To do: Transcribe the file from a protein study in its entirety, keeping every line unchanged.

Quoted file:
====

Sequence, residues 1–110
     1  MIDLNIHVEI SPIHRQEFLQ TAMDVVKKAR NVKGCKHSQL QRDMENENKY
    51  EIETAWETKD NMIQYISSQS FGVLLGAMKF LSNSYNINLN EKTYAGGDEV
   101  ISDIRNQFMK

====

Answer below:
Sequence, residues 1–110
     1  MIDLNIHVEI SPIHRQEFLQ TAMDVVKKAR NVKGCKHSQL QRDMENENKY
    51  EIETAWETKD NMIQYISSQS FGVLLGAMKF LSNSYNINLN EKTYAGGDEV
   101  ISDIRNQFMK